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About Stand Up Paddle Surfing, Stand Up Paddle Boarding, or Commonly Referred to as SUP

Stand-Up Paddle Surfing, also abbreviated as SUP, is rapidly growing global sport originating from Hawaii. It is traced back to the 1940’s in Tahiti. Stand-up paddle surfing is a mix between—you guessed it—surfing and paddling.

Back in the day, Waikiki beach boys stood on their longboards while navigating with outrigger paddles, taking pictures of tourists on shore, and the sport of stand-up paddle (SUP) was born. Now referred to as Ku Hoe He’e Nalu on the Hawaiian islands, the sport is quickly gaining popularity all over the world because of its graceful simplicity and quick learning curve.

Stand Up Paddle, (SUP), is an emerging global sport with a Hawaiian heritage. It can be traced back to the early days of Polynesia. The sport is ancient form of surfing and began as a way for surfing instructors to manage their large groups of learner surfers as standing on the board gave them a higher view point increasing visibility of what was going on around them such as incomming swell.

To begin with, this started with using a one bladed paddle standing on a normal length surfboard. This evolved to standing on longer surf boards and paddling with modified paddles in the 1940s and 1950s.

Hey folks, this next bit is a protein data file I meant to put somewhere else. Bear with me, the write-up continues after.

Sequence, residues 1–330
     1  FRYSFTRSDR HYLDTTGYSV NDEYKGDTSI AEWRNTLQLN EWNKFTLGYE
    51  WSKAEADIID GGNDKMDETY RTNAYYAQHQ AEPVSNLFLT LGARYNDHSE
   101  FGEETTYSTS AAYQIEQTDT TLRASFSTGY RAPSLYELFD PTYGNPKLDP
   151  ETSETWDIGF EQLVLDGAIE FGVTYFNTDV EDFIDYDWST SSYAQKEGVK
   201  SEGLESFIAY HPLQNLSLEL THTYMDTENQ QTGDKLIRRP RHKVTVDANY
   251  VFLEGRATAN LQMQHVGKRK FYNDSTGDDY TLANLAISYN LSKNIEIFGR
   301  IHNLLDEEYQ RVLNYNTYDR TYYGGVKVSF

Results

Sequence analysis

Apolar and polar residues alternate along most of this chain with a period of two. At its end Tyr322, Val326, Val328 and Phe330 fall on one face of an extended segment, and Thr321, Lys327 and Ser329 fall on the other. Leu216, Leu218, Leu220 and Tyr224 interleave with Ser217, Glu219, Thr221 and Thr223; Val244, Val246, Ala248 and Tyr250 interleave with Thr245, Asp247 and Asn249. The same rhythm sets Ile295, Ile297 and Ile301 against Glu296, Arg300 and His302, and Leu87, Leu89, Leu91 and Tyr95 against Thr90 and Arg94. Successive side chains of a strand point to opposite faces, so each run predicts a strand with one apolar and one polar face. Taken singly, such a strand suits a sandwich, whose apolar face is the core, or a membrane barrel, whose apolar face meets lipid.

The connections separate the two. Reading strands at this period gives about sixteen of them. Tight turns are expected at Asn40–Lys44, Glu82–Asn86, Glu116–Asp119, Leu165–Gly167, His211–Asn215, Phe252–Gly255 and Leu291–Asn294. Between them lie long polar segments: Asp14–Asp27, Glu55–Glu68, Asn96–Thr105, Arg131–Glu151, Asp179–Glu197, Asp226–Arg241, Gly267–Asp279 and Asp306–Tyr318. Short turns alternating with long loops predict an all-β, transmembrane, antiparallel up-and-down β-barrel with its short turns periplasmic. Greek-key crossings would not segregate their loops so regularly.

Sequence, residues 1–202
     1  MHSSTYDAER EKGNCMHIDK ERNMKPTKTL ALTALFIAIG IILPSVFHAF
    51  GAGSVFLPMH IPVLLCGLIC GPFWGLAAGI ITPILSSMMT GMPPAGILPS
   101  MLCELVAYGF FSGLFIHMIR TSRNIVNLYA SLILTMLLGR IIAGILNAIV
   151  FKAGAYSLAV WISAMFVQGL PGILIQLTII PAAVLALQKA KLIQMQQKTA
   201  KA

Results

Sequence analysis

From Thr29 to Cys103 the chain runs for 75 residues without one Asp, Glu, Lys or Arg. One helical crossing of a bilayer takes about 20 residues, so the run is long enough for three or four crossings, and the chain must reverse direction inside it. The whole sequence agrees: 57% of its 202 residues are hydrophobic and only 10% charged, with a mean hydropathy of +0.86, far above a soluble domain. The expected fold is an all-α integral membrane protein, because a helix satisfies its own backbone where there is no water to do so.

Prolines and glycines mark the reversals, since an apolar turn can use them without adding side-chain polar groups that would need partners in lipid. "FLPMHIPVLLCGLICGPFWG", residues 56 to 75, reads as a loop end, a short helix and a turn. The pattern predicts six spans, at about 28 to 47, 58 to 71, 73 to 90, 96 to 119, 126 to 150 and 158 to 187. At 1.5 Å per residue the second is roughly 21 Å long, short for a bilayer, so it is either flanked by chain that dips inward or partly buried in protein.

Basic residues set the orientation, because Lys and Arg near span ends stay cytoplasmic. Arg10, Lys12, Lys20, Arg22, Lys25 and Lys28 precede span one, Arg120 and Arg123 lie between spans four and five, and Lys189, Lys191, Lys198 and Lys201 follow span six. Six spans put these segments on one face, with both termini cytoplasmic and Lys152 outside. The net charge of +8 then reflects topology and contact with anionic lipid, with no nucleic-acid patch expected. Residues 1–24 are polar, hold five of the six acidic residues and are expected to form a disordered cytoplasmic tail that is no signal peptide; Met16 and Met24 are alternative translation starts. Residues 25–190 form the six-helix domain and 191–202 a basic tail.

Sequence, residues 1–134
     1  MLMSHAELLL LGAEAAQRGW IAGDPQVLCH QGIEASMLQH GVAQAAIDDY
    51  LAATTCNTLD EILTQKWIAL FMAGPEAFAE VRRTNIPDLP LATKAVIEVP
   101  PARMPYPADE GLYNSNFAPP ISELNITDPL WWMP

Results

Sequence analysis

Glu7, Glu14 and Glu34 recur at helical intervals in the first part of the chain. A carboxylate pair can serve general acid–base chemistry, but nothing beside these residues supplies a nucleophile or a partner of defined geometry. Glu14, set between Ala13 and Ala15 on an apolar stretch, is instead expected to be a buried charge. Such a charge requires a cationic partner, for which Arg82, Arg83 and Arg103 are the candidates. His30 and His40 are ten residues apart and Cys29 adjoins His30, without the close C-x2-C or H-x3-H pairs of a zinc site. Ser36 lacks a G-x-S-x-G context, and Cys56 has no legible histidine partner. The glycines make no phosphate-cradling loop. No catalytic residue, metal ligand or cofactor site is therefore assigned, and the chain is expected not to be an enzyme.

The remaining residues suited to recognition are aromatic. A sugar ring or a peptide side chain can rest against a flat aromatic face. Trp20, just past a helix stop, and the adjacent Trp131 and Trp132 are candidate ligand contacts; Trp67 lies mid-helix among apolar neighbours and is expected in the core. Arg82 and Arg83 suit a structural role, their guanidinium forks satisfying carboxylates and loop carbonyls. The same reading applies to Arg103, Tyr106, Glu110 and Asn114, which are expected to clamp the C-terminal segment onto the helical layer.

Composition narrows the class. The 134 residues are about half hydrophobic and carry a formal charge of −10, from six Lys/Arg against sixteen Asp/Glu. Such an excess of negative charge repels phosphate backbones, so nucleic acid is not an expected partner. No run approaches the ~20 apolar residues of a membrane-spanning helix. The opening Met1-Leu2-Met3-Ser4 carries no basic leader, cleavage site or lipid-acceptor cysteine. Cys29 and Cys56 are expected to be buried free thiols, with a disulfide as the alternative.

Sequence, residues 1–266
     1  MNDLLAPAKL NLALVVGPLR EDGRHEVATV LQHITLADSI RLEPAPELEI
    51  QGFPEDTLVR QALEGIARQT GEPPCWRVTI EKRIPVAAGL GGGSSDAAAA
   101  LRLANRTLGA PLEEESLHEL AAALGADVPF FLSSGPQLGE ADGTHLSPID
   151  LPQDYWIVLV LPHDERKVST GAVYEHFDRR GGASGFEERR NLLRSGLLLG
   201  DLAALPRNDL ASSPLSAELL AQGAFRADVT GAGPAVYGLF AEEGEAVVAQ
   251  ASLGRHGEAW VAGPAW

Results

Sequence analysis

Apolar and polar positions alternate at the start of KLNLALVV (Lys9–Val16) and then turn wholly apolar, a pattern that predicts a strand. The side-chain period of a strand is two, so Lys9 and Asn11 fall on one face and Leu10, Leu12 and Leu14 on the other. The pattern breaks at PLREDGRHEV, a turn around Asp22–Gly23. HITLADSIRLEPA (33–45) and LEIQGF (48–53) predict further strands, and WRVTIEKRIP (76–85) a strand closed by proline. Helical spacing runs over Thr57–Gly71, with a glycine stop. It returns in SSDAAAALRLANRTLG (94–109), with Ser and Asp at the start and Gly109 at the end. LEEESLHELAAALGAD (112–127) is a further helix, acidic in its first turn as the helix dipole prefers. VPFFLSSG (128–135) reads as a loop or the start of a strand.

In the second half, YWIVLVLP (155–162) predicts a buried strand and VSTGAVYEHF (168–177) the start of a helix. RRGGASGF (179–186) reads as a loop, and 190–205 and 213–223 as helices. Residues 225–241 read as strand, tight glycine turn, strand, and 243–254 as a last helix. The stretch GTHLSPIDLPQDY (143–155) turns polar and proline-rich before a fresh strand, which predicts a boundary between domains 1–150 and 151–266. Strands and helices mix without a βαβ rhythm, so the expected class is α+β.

Today SUP, or Stand-Up-Paddle, is gaining popularity as the demands for global-conscious green sports increase. Additionally the sport benefits athletes with a strong ‘core’ workout. SUP’ing is popular at warm coastal climates and resorts, and is gaining in popularity as celebrities are sampling the sport and cross-over athletes are training with SUP. SUPs have been spotted around the globe anywhere there is easy access to safe waters as well as in the surfing lineups of the world.

Most new custom SUP board prices range from $900 to $1500 new, and most consist of composite epoxy construction. The boards are generally longer than 10 feet and up to 12 feet in length with features such as padded decks, concave hulls, and generally have 1 or 3 surfboard style fins in the stern for stability.

To learn paddle surfing you’ll need a board—and SUP boards are big, averaging between nine and 11 feet long. An instructor can fit you with the proper size according to your height and weight. Boards with a soft deck are ideal for beginners and those who don’t want to bother with the tedious chore of waxing. Paddles tend to be six to nine inches taller than the paddler’s height, and the more lightweight and easy-to-handle the paddle, the farther you’ll travel using the least amount of umph.

In regular surfing, you catch a wave and attempt to hop up on the board while on the wave. Not so with SUP. Because the goal is simply to stand on the board and propel yourself forward using your paddle, flat water is a fine playing field for SUPers and there’s no pressure to catch a wave. Most people are up and paddling on flat water after just 30 minutes. But, as with any type of water sport, before you attempt to go it alone, be aware of your swimming ability. If you’re not sure, always wear a life jacket in case you fall.

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